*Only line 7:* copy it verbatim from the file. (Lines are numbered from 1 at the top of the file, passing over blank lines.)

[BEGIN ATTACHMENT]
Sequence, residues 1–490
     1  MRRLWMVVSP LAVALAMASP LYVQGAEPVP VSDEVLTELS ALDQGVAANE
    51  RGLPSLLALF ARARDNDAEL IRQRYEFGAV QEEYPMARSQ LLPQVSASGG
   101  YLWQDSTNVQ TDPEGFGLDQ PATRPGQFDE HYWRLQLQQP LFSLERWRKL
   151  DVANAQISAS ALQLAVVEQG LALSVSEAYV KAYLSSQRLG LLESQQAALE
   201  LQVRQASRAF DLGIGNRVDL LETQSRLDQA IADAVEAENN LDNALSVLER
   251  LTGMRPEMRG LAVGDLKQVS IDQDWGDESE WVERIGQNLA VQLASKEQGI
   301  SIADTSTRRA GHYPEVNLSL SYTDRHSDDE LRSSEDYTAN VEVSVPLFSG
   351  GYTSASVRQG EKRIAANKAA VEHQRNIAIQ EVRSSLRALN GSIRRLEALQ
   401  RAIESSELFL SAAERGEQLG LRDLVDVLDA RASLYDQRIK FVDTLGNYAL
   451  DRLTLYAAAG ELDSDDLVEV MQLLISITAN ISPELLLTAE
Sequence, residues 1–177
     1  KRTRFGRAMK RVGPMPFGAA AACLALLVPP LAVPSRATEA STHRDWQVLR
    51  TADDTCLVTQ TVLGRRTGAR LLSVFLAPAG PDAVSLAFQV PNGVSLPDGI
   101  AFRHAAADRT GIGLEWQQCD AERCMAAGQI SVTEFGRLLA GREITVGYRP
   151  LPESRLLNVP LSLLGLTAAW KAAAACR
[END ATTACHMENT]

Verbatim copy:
   251  LTGMRPEMRG LAVGDLKQVS IDQDWGDESE WVERIGQNLA VQLASKEQGI